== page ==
THE Norwegian government has, in its 2018 budget, proposed cutting the funding for its flagship full-chain CCS project by 94%, from NOK360m (US$45.3m) to just NOK20m.
The overall CCS budget, covering all CCS activities and research, not just the full-chain project, has dropped by 61%, from NOK1.3bn in 2016–17 to NOK509m in 2017–-8. A source told The Chemical Engineer that the budget available for Gassnova, the Norwegian state enterprise for CCS, and CCS research facility Technology Centre Mongstad (TCM), will largely allow operations and research to continue, although the cuts are still savage.
Those in the CCS industry in Norway greeted the news with dismay. Trude Sundset, CEO of Gassnova, said that the cuts will have “serious consequences” for the planned CCS project, which it is hoped will capture carbon from at least one industrial source, transport it by ship to a terminal, then store it in saline aquifers under the North Sea on the Norwegian continental shelf.
At present, the full-chain demonstration is expected to be up and running by 2022, already having been delayed from 2020 after feasibility studies showed that more time is needed to develop the storage facilities. The Chemical Engineer’s source said that the “disastrous” cuts may lead to a pause in activities early next year, and at best will mean that the projects can only do the bare minimum. The source pointed out that carrying out front end engineering and design (FEED) work for the three capture projects (Klemetsrud waste-to-energy facility, Norcem’s cement works at Brevik, and the Yara ammonia plant in Porsgrunn) means that the transport project and the storage project will be all but impossible with just NOK20m.
Jannicke Gerner Bjerkås, head of communications at Fortum Oslo Varme, which runs the Klemetsrud waste-to-energy site, said the news was “disturbing”.
“If the budget stands as proposed from the government, this will most probably lead to delays, and the risk of losing key resources from the project organisation is a big concern. We are also worried that the mixed signals and changing course from the Norwegian government may harm the project and our work to sell the message about CCS and its importance abroad, and lead to the capture technology actors pulling out,” she said. “But hopefully the coalition partners will put this high on their agenda for negotiations, and the CCS budget will be reinforced.”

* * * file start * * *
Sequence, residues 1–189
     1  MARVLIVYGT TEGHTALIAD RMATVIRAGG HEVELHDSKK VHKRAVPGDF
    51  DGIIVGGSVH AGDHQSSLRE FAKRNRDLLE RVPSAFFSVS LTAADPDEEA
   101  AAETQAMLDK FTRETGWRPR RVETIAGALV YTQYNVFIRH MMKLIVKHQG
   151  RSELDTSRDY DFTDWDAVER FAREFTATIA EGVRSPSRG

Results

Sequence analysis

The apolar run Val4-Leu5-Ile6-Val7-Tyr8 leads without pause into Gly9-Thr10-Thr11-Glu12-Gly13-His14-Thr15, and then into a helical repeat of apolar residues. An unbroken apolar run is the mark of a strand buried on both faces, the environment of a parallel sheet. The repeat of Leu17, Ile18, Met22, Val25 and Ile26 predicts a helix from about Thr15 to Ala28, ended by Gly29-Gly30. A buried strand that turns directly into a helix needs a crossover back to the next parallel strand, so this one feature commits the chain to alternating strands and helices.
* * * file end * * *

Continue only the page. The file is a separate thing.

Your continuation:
On 19 October, a group of various Norwegian industrial federations, LO, the Norwegian Confederation of Trade Unions, and NHO, the Confederation of Norwegian Enterprise, covering both employers and employees, wrote to the members of the Norwegian parliament’s Energy and Environment Committee and the minister of petroleum and energy Terje Søviknes to oppose the planned cuts in the CCS budget. The letter raises concerns that the full-chain CCS project could collapse entirely, as the start-up date vanishes ever further into the distance, knocking investor and partner confidence and resulting in the cancellation of agreements.
Environmentalists are also concerned. Olav Øye, CCS advisor for environmental NGO Bellona said that the cuts are “incomprehensible”.
“By taking such steps, the government sows doubt amongst all the actors involved in CCS activities in Norway. The technology is ripe and industry is ready. This budget risks undermining all other policies and investments on climate change. The budget sends a signal that Norway is no longer serious about CCS,” he said, adding that it is vital that the budget is changed and the full-chain CCS project fully funded.
However, the Ministry of Petroleum and Energy denied that it is no longer serious about CCS. In an emailed statement, ministry political adviser to Søviknes Christian Haugen told The Chemical Engineer that the Norwegian government still aims to realise at least one full-scale demonstration project, but that “a systematic and targeted approach” is necessary.
“The Ministry of Petroleum and Energy will therefore present a comprehensive report to the Storting [the Norwegian parliament] on the progress of the Norwegian full-scale CCS project once the concept studies on capture and transport have been reviewed and at the latest in the revised national budget for 2018. The goal of the Ministry of Petroleum and Energy is to present the comprehensive report to the Storting as early as possible in 2018,” he said. “In addition to the full-scale effort, TCM and the research program CLIMIT are important instruments to achieve the Norwegian CCS ambition. The government proposes to grant close to NOK400m to CLIMIT and TCM in 2018."
Antonios Papaspiropoulos, global lead on advocacy and communication at the Global CCS Institute, told The Chemical Engineer that he was “encouraged” by the ministry’s comments.
“The Institute is mindful that Norway has always paved the way in CCS development, and it continues to do so with Europe’s two pioneer large-scale facilities, Sleipner and Snøhvit. These two facilities alone have successfully and safely captured more than 20m t of CO2 in their more than 20-year life. We believe the life of CCS in Norway will continue to evolve and prosper long into the future,” he said.
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